asyncio#

pattern#

from toolbox.asyncio import pattern
class CoroutineClass[source]#

Adds start, stop, and async context manager functionality to a class.

This is a useful pattern that can be used for any asyncio-based class with an awaitable entry-point that needs to be started/stopped via both non-blocking code, and/or async code. Built-in with an async context manager.

This is useful for large asynchronous operations that happens within a single class. See example below for how to use it.

Parameters
  • func (Optional[Awaitable]) – The awaitable entry-point of the class. Defaults to β€˜self.entry’.

  • start_callback (Optional[Callable]) – A function to call when the class is started.

  • end_callback (Optional[Callable]) – A function to call when the class is stopped.

  • run (bool) – Whether to start the class immediately on initialization.

Example

from toolbox import CoroutineClass
import asyncio

class Coroutine(CoroutineClass):
    def __init__(self, run: bool = False):
        super().__init__(run=run)

    # Default entry function.
    async def entry(self):
        await asyncio.sleep(1)
        return "Hello world"

# Start coroutine outside Python async context.
def iomain():

    # via __init__
    coro = Coroutine(run=True)
    print(coro.result)  # Hello world

    # via .run()
    coro = Coroutine()
    result = coro.run()
    print(result)  # Hello world

# Start coroutine inside Python async context.
async def aiomain():

    # via __init__
    coro = Coroutine(run=True)
    await asyncio.sleep(1)
    coro.stop()
    print(coro.result)  # None - because process was stopped before completion.

    # via .run()
    coro = Coroutine()
    coro.run()
    await asyncio.sleep(1)
    result = coro.stop()  # None - because coroutine was stopped before completion.
    print(result)  # Hello world

    # via await
    coro = Coroutine()
    result = await coro  # You can also start, and await later.
    print(result)  # Hello World

    # via context manager
    async with Coroutine() as coro:
        result = await coro
    print(result)  # Hello World
start(self)#

Starts the task without blocking.

Note

The task will block if we call this method outside an async context.

stop(self, result)#

Stops the task without blocking.

Parameters

result (Optional[Any]) – The result to return when the task is stopped.

Notes

This function is attached as a callback to the task.

Return type

Any


streams#

from toolbox.asyncio import streams
async tls_handshake(reader, writer, ssl_context, server_side)[source]#

Manually perform a TLS handshake over a stream.

Parameters
  • reader (StreamReader) – The reader of the client connection.

  • writer (StreamWriter) – The writer of the client connection.

  • ssl_context (Optional[SSLContext]) – The SSL context to use. Defaults to None.

  • server_side (bool) – Whether the connection is server-side or not. Defaults to False.

Note

If the ssl_context is not passed and server_side is not set, then ssl.create_default_context() will be used.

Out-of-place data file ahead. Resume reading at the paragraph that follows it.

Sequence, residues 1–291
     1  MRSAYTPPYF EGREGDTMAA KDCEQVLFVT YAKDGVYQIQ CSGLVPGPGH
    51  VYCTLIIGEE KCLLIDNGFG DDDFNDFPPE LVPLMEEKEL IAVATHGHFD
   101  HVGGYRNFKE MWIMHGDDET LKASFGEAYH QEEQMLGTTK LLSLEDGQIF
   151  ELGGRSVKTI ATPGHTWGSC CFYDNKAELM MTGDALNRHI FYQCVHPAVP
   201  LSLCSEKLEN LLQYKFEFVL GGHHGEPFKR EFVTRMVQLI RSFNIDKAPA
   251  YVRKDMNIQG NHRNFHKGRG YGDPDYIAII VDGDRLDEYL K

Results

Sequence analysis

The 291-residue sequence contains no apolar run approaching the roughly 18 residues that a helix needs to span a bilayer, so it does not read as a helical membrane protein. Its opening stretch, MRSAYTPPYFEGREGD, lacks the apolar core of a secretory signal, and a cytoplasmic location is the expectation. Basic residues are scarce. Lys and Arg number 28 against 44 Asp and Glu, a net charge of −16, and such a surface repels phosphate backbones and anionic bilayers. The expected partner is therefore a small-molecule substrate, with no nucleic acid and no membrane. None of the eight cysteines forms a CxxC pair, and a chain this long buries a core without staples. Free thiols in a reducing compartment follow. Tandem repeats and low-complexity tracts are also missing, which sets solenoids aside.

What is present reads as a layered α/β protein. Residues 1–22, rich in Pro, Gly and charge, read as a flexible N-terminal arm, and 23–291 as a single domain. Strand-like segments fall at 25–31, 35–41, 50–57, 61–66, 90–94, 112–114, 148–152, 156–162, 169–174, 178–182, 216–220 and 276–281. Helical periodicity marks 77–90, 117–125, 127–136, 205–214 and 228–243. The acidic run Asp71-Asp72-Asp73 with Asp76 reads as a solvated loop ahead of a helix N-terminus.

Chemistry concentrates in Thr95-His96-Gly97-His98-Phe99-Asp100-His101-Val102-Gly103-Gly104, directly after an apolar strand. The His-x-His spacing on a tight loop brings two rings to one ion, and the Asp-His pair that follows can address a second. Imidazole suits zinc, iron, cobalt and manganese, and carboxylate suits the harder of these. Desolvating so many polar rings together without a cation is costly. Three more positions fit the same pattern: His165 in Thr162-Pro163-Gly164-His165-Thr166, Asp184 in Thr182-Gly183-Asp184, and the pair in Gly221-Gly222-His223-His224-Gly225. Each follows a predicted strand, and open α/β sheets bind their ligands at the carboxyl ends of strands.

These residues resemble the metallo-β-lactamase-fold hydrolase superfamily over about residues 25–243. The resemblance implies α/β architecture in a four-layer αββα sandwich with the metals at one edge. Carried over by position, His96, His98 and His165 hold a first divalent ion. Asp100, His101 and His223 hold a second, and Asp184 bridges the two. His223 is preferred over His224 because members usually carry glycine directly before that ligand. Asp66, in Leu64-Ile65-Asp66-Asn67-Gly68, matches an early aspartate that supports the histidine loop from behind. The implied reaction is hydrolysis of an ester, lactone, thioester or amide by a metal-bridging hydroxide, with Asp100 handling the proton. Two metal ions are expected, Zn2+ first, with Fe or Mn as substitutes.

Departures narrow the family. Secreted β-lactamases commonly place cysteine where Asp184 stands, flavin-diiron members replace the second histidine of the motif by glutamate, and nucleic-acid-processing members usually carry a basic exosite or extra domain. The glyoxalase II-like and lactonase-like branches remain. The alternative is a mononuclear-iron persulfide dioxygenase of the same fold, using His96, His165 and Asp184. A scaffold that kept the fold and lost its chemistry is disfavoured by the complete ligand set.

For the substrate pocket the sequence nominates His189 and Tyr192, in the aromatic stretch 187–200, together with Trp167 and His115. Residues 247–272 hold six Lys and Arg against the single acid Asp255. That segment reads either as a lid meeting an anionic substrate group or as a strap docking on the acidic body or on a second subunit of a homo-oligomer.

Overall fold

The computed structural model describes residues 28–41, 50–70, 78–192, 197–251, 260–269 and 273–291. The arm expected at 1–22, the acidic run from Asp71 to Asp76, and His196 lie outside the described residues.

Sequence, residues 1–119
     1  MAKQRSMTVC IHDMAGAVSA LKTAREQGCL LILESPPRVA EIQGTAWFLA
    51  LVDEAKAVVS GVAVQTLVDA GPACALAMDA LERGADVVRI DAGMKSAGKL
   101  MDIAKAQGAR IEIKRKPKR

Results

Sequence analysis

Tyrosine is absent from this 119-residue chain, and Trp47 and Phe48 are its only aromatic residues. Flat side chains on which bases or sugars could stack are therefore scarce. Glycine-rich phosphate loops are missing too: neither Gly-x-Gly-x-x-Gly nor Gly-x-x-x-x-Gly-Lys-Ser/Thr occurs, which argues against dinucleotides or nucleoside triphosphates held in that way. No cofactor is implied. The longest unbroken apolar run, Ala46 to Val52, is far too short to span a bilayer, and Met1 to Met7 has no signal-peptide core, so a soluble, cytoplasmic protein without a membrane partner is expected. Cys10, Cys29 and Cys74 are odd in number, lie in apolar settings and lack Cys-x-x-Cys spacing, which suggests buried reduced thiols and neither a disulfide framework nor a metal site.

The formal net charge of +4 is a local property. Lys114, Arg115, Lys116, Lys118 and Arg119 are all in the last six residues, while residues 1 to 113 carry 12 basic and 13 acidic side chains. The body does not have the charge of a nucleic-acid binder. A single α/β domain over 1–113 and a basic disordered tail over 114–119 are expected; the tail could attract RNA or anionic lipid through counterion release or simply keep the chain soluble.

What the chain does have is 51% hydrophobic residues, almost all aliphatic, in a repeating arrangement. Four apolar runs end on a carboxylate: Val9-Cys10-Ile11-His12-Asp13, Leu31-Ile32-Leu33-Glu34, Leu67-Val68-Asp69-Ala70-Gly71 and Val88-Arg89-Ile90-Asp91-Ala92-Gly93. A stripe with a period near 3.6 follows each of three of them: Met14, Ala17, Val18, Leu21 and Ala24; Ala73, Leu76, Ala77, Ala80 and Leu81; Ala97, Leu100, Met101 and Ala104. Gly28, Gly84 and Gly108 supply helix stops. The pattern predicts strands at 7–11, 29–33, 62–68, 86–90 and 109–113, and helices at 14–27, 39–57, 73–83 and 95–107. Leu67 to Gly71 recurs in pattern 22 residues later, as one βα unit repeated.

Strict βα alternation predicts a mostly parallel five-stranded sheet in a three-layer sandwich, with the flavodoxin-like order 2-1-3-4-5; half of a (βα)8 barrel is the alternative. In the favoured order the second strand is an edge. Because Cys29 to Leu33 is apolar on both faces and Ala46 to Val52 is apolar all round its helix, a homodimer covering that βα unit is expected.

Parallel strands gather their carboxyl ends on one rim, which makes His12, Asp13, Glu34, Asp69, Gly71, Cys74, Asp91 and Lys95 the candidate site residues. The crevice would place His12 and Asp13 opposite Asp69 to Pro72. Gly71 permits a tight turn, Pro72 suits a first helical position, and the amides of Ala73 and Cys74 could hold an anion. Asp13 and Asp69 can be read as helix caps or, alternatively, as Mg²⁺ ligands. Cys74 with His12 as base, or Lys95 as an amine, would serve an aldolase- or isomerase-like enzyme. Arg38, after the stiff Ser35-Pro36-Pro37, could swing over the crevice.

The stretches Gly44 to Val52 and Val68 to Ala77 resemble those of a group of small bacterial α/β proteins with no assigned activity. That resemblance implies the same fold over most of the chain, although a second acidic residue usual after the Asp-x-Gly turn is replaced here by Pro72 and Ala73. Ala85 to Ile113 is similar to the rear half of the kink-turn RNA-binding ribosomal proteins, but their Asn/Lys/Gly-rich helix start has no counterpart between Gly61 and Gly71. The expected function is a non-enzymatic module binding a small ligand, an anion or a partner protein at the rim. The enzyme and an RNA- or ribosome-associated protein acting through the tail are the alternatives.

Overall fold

For Python 3.6 to 3.9 you can use ssl.PROTOCOL_TLS for the SSL context. For Python 3.10+ you need to either use ssl.PROTOCOL_TLS_CLIENT or ssl.PROTOCOL_TLS_SERVER depending on the role of the reader/writer.

Example

Client code:

from toolbox.asyncio.streams import tls_handshake
import asyncio

async def client():
    reader, writer = await asyncio.open_connection("httpbin.org", 443, ssl=False)
    await tls_handshake(reader=reader, writer=writer)

    # Communication is now encrypted.
    ...

asyncio.run(client())

Server code:

from toolbox.asyncio.streams import tls_handshake
import asyncio
import ssl

async def server(reader, writer):
    context = ssl.create_default_context(ssl.Purpose.CLIENT_AUTH)
    context.load_cert_chain(certfile="server.crt", keyfile="server.key")
    await tls_handshake(
        reader=reader,
        writer=writer,
        ssl_context=context,
        server_side=True,
    )

    # Connection is now encrypted.
    ...

async def main():
    srv = await asyncio.start_server(server, host="127.0.0.1", port=8888)
    async with srv:
        await srv.serve_forever()

asyncio.run(main())

threads#

from toolbox.asyncio import threads
async to_thread(func, *args, **kwargs)[source]#

Asynchronously run function func in a separate thread.

Any *args and **kwargs supplied for this function are directly passed to func. Also, the current contextvars.Context is propogated, allowing context variables from the main thread to be accessed in the separate thread.

Return a coroutine that can be awaited to get the eventual result of func.

Parameters
  • func (Callable) – Synchronous function to create awaitable context with.

  • args – Arguments to pass to func.

  • kwargs – Arguments to pass to func.

Note

This function is similar to Python 3.9 asyncio.to_thread(), which can be found here, with slight modifications to make it backwards compatible.

Example

from toolbox.asyncio.threads import to_thread
import asyncio
import time

def func():
    time.sleep(2)
    return "Hello world"

asyncio main():
    await to_thread(func)

asyncio.run(main())
Return type

Awaitable

awaitable(func)[source]#

Decorator that converts a synchronous function into an asynchronous function.

When decorator is used func becomes an awaitable. When awaited, the synchronous function runs in a seperate thread as to not block the event loop. This function leverages the toolbox.asyncio.threads.to_thread() function.

Parameters

func (Callable) – Synchronous function to create awaitable context with.

Example

from toolbox.asyncio.threads import awaitable
import asyncio
import time

@awaitable
def func():
    time.sleep(2)
    return "Hello world"

async def main():
    await func()

asyncio.run(func())
Return type

Awaitable[Any]